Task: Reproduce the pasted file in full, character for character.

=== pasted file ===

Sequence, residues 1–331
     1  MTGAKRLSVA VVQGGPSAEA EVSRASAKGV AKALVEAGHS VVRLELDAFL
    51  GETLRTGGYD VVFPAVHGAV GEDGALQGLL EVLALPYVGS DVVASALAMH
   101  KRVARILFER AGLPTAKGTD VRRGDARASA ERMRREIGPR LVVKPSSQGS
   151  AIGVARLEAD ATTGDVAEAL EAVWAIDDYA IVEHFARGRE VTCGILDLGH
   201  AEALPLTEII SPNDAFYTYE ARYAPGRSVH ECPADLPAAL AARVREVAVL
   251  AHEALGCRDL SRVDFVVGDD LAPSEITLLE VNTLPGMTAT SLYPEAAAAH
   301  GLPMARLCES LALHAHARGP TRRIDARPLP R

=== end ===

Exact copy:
Sequence, residues 1–331
     1  MTGAKRLSVA VVQGGPSAEA EVSRASAKGV AKALVEAGHS VVRLELDAFL
    51  GETLRTGGYD VVFPAVHGAV GEDGALQGLL EVLALPYVGS DVVASALAMH
   101  KRVARILFER AGLPTAKGTD VRRGDARASA ERMRREIGPR LVVKPSSQGS
   151  AIGVARLEAD ATTGDVAEAL EAVWAIDDYA IVEHFARGRE VTCGILDLGH
   201  AEALPLTEII SPNDAFYTYE ARYAPGRSVH ECPADLPAAL AARVREVAVL
   251  AHEALGCRDL SRVDFVVGDD LAPSEITLLE VNTLPGMTAT SLYPEAAAAH
   301  GLPMARLCES LALHAHARGP TRRIDARPLP R